Staff Meetings

TIMES STAFF MEETINGS

“Knowing is not Enough We must Apply; Willing is Not Enough; We Must Do”


Meetings, if done properly, are the most effective way of making decisions and motivating staff. In effective meetings, participants can contribute and share their thoughts and as a result, will feel more engaged with your school. If the discussion is properly documented in meeting minutes and a comprehensive tasks list, our meetings will lead to tangible results.

A few minutes after students were dismissed, staff members began to arrive at the meeting. After allowing a few minutes for staff to get refreshments and engage in informal conversation,  A.K.Mahalakshmi  M.S.C., M.Phil.,M.B.A., Principal will  start the meeting by quickly reviewing the agenda.

Next, she will ask  staff members to engage in what she called a “staff building” activity; then to engage in “team building” activities at each table; and finally to engage in a combination of small- and large-group activities related to the use of technology in achieving math and reading goals. Everyone appeared to be actively listening and passionately sharing ideas while remaining focused on the topic under discussion.

Times School Faculty Meetings

Either prior to or at the beginning of the school year,

We Communicate the purpose of faculty meetings.

We Collaborate with staff on developing norms for expected behavior.

We Create faculty “base teams.”

We Collaborate with staff on developing norms for expected behavior.

 Communicating the Purpose of Faculty Meetings

Meetings shouldn’t simply serve as  transmitting information to staff; this should be done via Messages , weekly bulletin, or e-mail prior to each meeting. Instead, TIMES meetings will fulfill the following three purposes:

To build relationships among staff.

To focus on professional development.

To solve problems and make decisions.

Collaborating with Staff on Developing Norms for Expected Behavior

We Discuss the value of having a set of basic agreements for faculty meetings. After reviewing a sample of possible agreements, have staff members add more to the list. Continue adding possible agreements until nobody can think of any more. Sample agreements could include the following:

We will start and end meetings on time.

We will actively listen to each other’s ideas and opinions.

We will make important decisions through consensus.

We will work from a staff-developed agenda that is distributed 24 hours prior to the staff meeting.

We will remain focused on the topic or task.

       Times staff members divide a piece of paper into two columns. Inform staff members that they each have 100 points, which they must divide among all the agreements listed. (The more points, the more valuable the agreement.) Once staff members have all completed the task individually, ask them to share their scores in groups of three or four and complete the activity once more. When everyone is finished, collect and tally the second set of scores. The top three to five choices will then constitute the group’s agreements for faculty meetings.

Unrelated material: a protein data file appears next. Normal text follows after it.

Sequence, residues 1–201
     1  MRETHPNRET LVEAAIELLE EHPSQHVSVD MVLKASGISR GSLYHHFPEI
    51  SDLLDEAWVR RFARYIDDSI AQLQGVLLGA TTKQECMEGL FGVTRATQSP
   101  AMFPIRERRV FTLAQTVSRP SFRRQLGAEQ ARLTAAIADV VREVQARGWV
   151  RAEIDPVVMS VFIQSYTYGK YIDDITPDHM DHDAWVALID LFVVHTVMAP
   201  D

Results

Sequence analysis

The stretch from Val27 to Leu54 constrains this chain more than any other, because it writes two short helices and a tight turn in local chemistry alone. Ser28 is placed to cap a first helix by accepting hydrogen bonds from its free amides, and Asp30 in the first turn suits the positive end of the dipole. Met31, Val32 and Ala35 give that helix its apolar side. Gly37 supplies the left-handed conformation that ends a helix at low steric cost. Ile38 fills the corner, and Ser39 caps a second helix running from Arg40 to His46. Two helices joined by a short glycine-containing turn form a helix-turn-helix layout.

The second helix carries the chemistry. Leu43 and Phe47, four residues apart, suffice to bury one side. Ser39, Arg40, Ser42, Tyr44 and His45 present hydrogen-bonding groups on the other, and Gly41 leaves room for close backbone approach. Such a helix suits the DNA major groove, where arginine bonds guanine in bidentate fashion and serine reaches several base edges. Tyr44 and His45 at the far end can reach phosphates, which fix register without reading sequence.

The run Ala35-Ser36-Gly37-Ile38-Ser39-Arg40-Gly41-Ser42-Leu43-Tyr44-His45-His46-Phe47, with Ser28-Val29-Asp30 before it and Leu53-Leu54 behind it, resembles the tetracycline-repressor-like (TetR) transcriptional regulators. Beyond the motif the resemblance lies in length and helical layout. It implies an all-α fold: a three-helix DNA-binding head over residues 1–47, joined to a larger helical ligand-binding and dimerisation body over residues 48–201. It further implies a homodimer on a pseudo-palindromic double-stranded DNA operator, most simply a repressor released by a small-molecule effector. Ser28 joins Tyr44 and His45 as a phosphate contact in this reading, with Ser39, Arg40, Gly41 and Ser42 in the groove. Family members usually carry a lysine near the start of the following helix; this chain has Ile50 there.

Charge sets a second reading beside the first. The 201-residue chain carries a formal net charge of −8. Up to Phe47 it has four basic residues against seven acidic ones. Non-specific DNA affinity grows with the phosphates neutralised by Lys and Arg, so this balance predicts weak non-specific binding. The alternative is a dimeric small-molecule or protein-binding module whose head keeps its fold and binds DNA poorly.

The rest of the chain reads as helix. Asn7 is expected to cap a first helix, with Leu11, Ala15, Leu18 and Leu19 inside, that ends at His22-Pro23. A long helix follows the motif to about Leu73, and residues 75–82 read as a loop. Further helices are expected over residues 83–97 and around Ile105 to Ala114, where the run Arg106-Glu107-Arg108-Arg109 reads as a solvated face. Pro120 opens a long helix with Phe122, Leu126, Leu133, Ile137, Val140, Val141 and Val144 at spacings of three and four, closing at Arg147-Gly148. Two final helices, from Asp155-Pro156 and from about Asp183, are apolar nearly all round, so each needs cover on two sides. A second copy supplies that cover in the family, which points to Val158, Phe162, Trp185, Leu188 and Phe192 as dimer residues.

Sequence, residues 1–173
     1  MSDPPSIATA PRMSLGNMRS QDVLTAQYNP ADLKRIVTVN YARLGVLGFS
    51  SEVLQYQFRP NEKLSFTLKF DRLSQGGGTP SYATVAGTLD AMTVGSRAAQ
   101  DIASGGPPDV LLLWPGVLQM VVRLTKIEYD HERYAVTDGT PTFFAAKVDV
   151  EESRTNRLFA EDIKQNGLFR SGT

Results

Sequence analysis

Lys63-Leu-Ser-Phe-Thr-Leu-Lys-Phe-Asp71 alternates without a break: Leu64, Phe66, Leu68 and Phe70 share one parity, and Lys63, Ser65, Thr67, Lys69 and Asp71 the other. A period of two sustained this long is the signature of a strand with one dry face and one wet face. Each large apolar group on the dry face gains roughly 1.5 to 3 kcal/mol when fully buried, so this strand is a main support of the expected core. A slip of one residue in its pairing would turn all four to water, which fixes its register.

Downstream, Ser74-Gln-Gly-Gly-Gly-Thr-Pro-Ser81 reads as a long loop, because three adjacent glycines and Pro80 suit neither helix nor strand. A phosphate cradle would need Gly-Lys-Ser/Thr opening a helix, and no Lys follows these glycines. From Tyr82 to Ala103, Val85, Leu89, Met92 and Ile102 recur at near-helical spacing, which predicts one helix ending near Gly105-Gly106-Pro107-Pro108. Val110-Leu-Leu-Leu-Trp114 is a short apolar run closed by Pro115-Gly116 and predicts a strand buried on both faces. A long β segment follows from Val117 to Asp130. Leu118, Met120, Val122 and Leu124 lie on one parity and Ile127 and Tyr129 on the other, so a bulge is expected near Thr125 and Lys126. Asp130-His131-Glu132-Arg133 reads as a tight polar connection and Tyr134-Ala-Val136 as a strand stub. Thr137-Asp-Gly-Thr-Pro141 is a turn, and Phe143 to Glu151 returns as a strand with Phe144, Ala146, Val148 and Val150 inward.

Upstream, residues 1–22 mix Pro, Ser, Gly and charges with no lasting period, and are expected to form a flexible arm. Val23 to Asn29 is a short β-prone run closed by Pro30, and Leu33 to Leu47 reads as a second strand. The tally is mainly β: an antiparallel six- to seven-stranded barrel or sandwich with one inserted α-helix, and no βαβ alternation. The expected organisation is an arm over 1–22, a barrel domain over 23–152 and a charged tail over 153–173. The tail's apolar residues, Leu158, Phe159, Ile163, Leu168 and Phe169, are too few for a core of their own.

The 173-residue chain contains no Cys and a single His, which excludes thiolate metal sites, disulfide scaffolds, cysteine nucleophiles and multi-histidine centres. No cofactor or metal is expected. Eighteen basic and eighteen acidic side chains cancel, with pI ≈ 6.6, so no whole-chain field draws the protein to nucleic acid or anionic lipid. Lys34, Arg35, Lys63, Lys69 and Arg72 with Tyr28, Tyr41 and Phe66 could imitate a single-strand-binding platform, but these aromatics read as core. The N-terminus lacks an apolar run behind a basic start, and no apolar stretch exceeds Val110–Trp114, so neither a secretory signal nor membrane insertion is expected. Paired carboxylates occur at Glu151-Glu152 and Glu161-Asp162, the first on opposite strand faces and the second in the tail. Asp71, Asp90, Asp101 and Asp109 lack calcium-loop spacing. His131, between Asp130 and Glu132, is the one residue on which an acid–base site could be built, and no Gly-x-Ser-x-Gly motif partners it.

We will start and end meetings on time.

We will actively listen to each other’s ideas and opinions.

We will make important decisions through consensus.

We will work from a staff-developed agenda that is distributed 24 hours prior to the staff meeting.

We will remain focused on the topic or task.

We Create faculty “base teams.”

We Created Faculty “Base Teams”

Base teams are long-term, heterogeneous groups to which staff members are assigned. The major purposes of these base groups are as follows:

To involve all staff members at the beginning and ending of each meeting

To personalize meetings

To provide a schoolwide focus to meetings

To provide peer support for and celebration of staff efforts

To increase the likelihood that all staff members will actively contribute to the meeting

Base teams should have between two and five staff members, with four being optimal because it allows for pair work. You can assign members at random, or choose to include a mix of grades, subject areas, or experience levels on each team. Either way, teams should be relatively heterogeneous and represent more than one grade level or subject area.

Faculty Meeting Roles

Any group will function more effectively if members know each other’s responsibilities. The following are the three most common roles at faculty meetings:

The facilitator    is usually (but not always) the principal. He or she leads the meeting and promotes the participation of all members through gate keeping and consensus seeking.

The recorder     writes down details of the meeting, such as the people present and the agenda items, along with any relevant information discussed. He or she should also produce written minutes of the meeting and distribute them to all staff members within 48 hours.

The timekeeper    watches the clock and warns fellow members when the designated time for each agenda item is over.


 


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